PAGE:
3D Printer First Workshop Critical Path 2016
From D3D_Product_Strategy -
Preparation for Event Announcement for First Replicable 3D Print Event:
Marcin Critical Path
Open Building Institute
Distributive 3D Printer Critical Path - 1/2 Year
Analysis: 5 of 10 machine milestones were reached through the Workshop model, which provided revenue sufficient to cover materials in the Aquaponics case, and 1/4-1/2 of material costs in the machine builds. Leadership seminars did not bring forth development leadership for CNC Torch table, tractor, or backhoe.
Analysis: We had 24 students over the entire summer for the Summer of Extreme Design/Build. The Summer School of 2014 turned out to be difficult to manage in terms of the number of projects that could be accomplished meaningfully at the same time. The main projects were the CEB press, Open Source Car, MicroHouse 3, and pool. It turns out that only one major project can be managed well with one instructor when a team of students is involved. The main learnings are that without open source product research and development experience, without a stable development pathway/protocol for carrying out such development, and without a micro-detailed Rollout Plan - only so much could be done before students start disengaging from OSE's critical path.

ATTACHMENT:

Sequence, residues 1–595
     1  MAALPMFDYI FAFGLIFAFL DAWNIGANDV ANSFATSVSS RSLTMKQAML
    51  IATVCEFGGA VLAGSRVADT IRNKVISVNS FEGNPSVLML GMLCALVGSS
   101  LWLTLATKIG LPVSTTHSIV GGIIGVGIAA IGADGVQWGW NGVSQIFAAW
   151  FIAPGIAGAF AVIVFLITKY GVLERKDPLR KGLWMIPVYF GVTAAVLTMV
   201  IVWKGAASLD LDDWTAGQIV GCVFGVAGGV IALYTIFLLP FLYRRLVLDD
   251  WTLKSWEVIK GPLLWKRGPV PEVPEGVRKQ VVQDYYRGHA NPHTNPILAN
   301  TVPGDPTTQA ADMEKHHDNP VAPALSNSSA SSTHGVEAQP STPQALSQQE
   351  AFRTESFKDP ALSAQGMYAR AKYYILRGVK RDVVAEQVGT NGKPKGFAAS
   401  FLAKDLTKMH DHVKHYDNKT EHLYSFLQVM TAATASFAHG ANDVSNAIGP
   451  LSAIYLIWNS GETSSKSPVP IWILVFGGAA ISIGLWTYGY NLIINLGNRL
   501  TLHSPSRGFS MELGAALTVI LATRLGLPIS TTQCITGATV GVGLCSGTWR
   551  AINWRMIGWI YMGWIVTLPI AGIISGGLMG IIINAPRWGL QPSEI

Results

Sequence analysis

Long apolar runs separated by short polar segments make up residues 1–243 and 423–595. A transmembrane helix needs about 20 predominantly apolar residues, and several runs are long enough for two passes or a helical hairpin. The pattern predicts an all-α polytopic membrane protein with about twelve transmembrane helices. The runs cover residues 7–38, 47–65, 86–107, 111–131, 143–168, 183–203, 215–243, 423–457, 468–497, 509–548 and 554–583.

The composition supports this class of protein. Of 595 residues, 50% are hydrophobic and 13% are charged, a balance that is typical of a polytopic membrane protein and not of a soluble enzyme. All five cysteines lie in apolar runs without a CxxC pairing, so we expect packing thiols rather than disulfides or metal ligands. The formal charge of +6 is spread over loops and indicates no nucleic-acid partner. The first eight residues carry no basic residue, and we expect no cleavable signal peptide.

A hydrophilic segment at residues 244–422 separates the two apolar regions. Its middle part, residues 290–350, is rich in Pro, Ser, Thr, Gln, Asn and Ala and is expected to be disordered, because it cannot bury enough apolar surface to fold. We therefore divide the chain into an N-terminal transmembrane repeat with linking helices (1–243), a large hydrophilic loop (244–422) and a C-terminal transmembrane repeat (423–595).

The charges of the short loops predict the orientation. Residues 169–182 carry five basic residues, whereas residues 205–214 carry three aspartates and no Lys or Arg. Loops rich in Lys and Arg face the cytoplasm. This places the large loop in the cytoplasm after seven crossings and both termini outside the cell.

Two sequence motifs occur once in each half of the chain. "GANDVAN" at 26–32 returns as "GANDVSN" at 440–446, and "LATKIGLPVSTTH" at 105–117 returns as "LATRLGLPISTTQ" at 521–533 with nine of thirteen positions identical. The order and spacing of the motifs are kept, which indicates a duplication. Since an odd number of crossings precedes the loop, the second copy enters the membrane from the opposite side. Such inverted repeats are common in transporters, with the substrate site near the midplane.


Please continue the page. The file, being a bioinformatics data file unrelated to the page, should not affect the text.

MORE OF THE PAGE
The main single outcome, if one could be named, was getting to about 90% completion on the CEB Press Build Instructions - which are now extremely detailed, and need to be taken to completion.
The main organizational learning is that effective management can happen with more focused development than a summer school, which has informed OSE's direction of focusing on a dedicated Residency Program for Distributive Enterprise, and working with Master's Students or other dedicated development pathways. The shift is towards the final level of Enterprise Development based on products that are nearly complete - in order to shift to financial sustainability of the R&D program, as opposed to pre-enterprise R&D.
Early 2014- 3D Printer Workshop
Analysis: 3D printer. Workshop occurred successfully in terms of attendance (12 people, others had to be turned away). Little documentation of process was left behind, and a discontinued kit was used (Kit TAZ). This branch of development died.